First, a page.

Either in the theatre or on DVD, or both, he has watched every feature film in which she has ever made a cameo, and written letters to the directors of those movies thanking them for their good sense in casting her.   He was one of four people in the United States of America to attend Zoot Troupe 2 when it appeared in theatres in April 2016.  He proceeded to return to the movie eleven times across the span of nine days, paying $8.50 every time.  He has caught her in concert four times: twice in Memphis, once in Little Rock, once in Atlanta.  He witnessed her Super Bowl halftime performance in stunned silence. When she was done, he could not move for twenty-three seconds.  He watched her 2012 concert movie Kathy O’Leary: Live Masks within months of buying Out With The Girls, and then re-watched it each Friday evening, as a sacred ritual, for a year.  He read, in one sitting, Norman Lake’s biography of her, and then the next day Brittany Alison Sumpter’s.  And he has re-read each book no less than six times.

Ironically, when he decided to take that celebrity homes tour, he was not in Hollywood for the sake of Kathy O’Leary.  In fact, he wasn’t in Hollywood at all, but West Hollywood, for a plumbing trade show, organized by a national body well beyond his ken or influence.  But in West Hollywood it was.  One morning, with the trade show winding down, and out of idle curiosity, he booted up his laptop in his hotel room and scanned the web for celebrity homes tours.  He had expected to scoff.  Then, in an ad for First Class Star Home Bus Tours, there was her name.  Along with Danny Devito, Bruce Willis, Tom Cruise, Larry King, Luke Wilson, and Madonna.  He didn’t care about those other names—they were arguably not even stars anymore, at least none that anyone really cared about (Luke Wilson? Madonna?)—but he kept staring and staring at Kathy O’Leary there on his laptop screen.  Kathy O’Leary.  The only truly A+, height-of-her-fame, top-of-her-game player on that list.   Kathy.  Who lived not actually that far from where he happened to be sitting just then, at that moment.  Who lived—as much as any celebrity lived in the homes they supposedly owned—not far away at all.  Theoretically, with a whole day to kill, he could walk to Kathy O’Leary’s house.  Kathy O’Leary’s own house!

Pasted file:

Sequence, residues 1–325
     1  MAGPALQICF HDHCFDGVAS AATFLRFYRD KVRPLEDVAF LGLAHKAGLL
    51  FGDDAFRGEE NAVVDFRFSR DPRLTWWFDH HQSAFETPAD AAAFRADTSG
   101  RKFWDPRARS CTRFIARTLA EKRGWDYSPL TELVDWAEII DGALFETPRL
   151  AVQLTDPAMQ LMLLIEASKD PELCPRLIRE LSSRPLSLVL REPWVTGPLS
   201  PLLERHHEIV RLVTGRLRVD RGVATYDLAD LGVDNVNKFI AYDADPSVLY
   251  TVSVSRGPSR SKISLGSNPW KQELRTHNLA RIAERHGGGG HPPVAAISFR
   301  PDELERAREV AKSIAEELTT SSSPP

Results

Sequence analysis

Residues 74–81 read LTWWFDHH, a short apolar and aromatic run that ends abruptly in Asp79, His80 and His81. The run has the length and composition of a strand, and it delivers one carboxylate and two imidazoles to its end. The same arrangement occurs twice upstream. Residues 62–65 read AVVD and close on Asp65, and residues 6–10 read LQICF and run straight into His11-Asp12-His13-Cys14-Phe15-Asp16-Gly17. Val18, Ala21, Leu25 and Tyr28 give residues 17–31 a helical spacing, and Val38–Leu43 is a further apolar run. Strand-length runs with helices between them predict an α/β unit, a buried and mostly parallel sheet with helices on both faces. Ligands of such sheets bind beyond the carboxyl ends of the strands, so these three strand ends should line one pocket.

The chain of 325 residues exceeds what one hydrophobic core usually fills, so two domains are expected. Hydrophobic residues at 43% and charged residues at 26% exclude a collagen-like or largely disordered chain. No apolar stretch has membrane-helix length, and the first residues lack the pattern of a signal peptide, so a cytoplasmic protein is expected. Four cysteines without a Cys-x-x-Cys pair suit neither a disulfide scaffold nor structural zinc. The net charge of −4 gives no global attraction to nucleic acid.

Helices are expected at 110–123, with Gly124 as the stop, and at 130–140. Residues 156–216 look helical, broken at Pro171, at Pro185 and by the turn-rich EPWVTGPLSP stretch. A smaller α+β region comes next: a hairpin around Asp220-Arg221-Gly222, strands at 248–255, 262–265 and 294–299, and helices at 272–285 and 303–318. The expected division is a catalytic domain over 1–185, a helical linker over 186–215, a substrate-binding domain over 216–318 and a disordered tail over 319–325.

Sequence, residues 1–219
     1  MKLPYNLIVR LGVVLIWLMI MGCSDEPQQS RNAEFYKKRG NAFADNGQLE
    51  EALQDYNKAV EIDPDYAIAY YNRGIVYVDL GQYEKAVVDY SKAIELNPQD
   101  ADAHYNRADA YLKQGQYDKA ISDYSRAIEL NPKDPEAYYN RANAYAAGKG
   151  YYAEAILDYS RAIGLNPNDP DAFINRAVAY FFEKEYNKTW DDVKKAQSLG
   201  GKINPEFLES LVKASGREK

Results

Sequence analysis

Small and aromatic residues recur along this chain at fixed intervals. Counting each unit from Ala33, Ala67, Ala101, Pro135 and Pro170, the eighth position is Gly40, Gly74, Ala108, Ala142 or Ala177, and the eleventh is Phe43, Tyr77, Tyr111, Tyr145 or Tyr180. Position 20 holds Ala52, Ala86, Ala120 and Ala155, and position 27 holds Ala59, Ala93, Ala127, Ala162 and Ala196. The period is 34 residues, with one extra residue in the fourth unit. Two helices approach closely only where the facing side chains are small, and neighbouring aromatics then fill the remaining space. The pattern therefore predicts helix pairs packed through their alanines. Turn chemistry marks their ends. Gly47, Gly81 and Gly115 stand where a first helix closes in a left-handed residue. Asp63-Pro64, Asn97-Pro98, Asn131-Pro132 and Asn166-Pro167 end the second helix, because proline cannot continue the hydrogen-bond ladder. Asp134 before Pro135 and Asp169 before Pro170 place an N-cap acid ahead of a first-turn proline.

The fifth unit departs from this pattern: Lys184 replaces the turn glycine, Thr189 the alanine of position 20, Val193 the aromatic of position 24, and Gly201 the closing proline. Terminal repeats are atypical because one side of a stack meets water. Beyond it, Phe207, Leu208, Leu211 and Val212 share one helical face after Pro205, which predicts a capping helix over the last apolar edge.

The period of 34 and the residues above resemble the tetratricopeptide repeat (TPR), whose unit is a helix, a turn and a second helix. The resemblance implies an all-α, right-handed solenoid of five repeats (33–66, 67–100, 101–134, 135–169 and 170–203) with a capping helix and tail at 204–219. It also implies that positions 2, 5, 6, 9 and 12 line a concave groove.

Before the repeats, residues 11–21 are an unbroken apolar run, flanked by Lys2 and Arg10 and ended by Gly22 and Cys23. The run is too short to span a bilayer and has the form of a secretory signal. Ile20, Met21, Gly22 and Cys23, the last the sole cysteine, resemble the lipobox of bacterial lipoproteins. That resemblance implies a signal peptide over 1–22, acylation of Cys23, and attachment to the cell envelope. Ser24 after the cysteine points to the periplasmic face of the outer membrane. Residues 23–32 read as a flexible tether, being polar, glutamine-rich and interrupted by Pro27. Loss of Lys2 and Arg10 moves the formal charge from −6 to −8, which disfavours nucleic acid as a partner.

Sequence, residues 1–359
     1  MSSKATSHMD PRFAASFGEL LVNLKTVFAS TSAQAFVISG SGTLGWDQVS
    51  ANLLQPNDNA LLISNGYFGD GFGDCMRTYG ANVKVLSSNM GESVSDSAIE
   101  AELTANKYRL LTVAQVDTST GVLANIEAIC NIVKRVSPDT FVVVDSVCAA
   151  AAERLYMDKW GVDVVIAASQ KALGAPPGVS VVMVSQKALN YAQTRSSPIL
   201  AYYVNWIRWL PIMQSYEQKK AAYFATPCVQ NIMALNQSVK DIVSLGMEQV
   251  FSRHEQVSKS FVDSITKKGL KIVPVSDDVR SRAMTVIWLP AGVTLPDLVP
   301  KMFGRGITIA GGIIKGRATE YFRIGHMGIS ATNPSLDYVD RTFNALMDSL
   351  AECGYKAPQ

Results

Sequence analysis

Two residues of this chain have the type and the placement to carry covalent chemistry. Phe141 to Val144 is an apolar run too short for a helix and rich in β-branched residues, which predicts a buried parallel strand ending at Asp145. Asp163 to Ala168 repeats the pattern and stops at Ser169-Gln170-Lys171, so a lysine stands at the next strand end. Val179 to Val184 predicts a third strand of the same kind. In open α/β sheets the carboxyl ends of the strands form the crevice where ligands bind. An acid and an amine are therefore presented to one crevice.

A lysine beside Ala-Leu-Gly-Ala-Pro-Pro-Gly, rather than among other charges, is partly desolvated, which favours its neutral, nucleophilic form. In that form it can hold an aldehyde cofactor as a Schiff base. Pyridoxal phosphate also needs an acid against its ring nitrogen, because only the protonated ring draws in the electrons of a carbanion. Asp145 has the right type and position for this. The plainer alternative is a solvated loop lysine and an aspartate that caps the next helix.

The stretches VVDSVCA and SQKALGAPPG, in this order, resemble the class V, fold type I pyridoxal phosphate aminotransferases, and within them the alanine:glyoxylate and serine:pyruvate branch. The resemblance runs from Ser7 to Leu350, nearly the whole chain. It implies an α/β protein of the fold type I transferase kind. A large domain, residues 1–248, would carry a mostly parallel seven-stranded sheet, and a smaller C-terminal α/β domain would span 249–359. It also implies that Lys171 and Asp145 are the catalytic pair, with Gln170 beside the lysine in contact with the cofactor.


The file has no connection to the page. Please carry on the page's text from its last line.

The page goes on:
On the bus tour, he didn’t care or even notice what other homes they looked at.  He’d have been perfectly happy if they’d only seen Kathy’s and then gone to Sears for two hours of shopping.  Thankfully, when the bus had stopped outside of her home, he’d had the presence of mind to turn away, hard as that was, and spy the street signs at the nearest intersection.  He made a fierce mental note.  And as soon as the bus drove off, he scratched the street names onto the pamphlet the guide had passed out.  He didn’t have a house number—he’d looked, but it was hidden—but that was all right.  He would merely address his gift to Kathy O’Leary at the intersection of those two streets in Beverly Hills, CA.   It would get to her.  It had to.